Tuesday, September 4, 2007

Heart of Darkness by Joseph Conrad

Title: Heart of Darkness
Author: Joseph Conrad
ISBN: 0140620486
Publisher: Penguin Popular Classics
First Published: 1902
Pages: 111

Heart of Darkness echoes the savage suppression carried out in the Congo by the Belgians in one of the largest acts of genocide committed up to that time. Deeply moving, this tale contrasts the ghastly treatment of the Congo natives. Their value of life reduces amid the unwanted invasion by Marlow and Kurtz and the Belgian Company whose aim is to gather all ivory at any cost.

The novella begins out with Marlow, the main character, with a few of his shipmates to tell a story. He creates interest for the listeners with his disquieting tale of madness. Marlow was the captain of a steamboat who ends up at a slave-trading post along the banks of a huge river in Africa. While at the post, not only does Marlow witness some of the most horrible things one can imagine, but he also hears many rumours and stories of a brilliant man, Kurtz, who runs another post farther up the river, into the deep wilderness. Once Marlow reaches his destination, the book really takes the reader over with its frightening descriptions of Kurtz and his situation that he created being alone out at this post with the natives for the longest time.

As we read the story, we encounter the repetition of light and darkness. The imagery of light and darkness represents beyond the contrast of the colours. It illustrates white (the Europeans) and black (the Africans). The concept of African civilization by the European company becomes the darkness and the Africans' wild life becomes the light in the heart of darkness. The image of Africans being chained up is also signifies as the living death, the darkness; they are being controlled by white men and not being able to run freely. The death of middle aged Negro with a bullet hold in the forehead is a form of darkness from the European side. Lastly, it is the death of Kurtz, which signifies as the darkness from the European side and as well as the African side.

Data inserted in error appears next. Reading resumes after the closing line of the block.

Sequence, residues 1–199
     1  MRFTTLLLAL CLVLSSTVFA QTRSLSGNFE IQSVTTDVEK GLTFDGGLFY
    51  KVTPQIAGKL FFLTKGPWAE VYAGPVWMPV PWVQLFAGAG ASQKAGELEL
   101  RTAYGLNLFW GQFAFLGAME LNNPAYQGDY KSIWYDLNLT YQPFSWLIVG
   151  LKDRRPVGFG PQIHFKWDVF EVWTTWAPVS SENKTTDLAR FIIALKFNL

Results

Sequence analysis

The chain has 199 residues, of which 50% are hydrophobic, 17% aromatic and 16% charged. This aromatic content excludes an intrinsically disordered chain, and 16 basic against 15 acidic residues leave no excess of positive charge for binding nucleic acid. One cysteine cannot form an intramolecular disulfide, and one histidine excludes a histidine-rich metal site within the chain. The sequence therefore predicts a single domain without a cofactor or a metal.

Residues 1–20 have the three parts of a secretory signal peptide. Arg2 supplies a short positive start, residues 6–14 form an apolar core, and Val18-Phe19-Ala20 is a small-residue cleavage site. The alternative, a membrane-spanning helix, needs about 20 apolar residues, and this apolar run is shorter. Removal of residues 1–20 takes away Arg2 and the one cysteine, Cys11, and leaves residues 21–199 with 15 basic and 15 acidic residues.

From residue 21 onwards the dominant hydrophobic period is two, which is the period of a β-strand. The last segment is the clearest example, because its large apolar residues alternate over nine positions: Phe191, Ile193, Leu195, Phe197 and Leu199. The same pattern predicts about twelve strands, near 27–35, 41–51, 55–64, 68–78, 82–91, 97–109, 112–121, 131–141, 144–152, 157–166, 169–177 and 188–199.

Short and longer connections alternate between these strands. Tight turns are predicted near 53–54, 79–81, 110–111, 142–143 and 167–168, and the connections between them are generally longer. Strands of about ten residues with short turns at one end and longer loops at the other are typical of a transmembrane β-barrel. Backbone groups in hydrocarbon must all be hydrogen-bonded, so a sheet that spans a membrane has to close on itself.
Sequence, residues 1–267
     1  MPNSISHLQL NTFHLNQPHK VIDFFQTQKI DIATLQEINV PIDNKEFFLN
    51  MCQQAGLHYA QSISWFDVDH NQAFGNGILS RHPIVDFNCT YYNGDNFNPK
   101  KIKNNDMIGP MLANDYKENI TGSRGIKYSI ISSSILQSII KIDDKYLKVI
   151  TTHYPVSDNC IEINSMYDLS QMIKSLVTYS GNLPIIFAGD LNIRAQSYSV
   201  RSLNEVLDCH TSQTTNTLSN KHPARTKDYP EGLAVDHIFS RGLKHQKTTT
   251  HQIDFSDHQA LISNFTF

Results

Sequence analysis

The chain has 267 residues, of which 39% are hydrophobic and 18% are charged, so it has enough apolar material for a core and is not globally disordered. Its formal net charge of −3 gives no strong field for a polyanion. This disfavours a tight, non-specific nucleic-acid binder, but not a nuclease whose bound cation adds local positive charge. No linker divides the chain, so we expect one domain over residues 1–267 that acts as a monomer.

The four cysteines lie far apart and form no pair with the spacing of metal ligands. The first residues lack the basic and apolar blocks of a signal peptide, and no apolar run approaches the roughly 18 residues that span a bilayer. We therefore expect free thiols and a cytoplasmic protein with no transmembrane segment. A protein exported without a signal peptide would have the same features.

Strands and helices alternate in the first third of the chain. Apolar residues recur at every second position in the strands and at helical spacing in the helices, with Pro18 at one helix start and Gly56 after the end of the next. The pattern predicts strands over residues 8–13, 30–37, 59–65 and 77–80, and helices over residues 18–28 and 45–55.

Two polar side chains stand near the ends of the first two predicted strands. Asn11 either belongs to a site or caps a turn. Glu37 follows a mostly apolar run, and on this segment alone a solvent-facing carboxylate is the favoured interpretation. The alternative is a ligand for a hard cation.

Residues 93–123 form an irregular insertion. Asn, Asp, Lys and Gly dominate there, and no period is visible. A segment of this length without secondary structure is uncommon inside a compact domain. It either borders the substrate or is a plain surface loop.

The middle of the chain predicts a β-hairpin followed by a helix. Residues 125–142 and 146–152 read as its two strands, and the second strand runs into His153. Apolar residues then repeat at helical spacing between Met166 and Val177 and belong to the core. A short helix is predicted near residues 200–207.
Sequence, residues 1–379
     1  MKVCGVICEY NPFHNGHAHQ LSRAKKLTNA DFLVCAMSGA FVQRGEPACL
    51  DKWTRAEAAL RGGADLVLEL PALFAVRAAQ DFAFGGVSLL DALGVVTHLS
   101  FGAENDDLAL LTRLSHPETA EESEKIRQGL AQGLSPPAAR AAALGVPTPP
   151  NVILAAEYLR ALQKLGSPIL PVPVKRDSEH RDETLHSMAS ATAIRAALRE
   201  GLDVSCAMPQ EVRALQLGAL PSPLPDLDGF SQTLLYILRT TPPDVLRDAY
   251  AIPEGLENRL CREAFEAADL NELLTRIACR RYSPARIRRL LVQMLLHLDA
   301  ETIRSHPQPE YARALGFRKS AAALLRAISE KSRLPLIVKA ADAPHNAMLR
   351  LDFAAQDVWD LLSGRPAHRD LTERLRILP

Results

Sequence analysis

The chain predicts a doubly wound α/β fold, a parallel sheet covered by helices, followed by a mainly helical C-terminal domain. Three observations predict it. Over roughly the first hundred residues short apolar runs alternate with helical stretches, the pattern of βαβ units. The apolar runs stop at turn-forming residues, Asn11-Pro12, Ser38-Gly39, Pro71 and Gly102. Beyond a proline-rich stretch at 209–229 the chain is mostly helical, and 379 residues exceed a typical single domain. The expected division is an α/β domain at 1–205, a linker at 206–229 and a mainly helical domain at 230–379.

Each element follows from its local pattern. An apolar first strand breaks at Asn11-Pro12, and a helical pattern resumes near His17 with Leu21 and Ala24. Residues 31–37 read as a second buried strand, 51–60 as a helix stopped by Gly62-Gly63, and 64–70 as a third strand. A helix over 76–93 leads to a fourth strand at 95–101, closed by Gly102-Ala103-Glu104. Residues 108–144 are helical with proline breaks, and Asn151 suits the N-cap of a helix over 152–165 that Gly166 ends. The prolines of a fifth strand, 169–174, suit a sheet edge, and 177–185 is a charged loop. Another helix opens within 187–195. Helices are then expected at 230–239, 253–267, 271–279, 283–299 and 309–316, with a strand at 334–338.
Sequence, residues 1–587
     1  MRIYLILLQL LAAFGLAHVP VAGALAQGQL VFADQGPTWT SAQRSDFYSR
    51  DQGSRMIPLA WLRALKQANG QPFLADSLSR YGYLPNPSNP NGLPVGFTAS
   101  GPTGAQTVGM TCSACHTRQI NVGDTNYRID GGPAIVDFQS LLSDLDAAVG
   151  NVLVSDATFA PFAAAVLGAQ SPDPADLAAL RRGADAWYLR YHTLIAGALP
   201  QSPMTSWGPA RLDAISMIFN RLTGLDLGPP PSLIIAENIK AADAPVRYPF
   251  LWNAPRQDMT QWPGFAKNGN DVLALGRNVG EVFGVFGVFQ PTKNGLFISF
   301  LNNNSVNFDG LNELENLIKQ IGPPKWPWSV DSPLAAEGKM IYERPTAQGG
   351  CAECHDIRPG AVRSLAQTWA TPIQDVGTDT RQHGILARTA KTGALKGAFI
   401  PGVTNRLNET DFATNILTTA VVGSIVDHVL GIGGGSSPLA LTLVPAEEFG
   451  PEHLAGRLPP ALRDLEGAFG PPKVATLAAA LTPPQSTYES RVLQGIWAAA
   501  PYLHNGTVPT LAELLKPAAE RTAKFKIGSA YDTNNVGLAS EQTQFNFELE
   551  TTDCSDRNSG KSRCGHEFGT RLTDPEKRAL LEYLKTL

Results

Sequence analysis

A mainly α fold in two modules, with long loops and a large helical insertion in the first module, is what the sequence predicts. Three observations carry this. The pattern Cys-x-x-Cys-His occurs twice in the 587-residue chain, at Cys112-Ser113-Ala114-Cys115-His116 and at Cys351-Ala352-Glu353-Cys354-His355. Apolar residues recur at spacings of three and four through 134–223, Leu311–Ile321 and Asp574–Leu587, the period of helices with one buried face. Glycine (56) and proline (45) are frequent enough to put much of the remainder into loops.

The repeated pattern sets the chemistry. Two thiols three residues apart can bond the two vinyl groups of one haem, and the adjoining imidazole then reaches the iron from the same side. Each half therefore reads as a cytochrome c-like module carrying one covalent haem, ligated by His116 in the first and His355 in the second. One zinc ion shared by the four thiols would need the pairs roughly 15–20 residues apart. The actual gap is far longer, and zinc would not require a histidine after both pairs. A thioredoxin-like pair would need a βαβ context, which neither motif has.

According to me, the effect of the novella is similar to a much older literary genre, the Gothic, and considered a “horror” story. The elaborate framing narrative devices, the emphasis on physical and mental deterioration, the doppelganger motif, the move from enlightened, time-bound civilization to barbaric, timeless primitivism; from a social order to a boundless nightmare. Like the Gothic, Conrad is simply not concerned with the unpalatable realities of a particular political system, but the individual’s unfathomable thoughts that allow the atrocities to happen.

Marlow's narration is full of information pieced together from stories, paintings and myths. His ideas, ambiguousness, euphemisms, prevarications and philosophical ponderings over what happens take priority over distinct details. One of the many layers to the stories is the drive to react against the self-proclaimed dominance of the human race: both against his environment as against his fellow man. In Heart of Darkness, Marlow proclaims that the unrestrained exploitation of the natural resources is a blot on the human conscience. This is indisputably a qualified classic.


For my poetry, do visit rooted.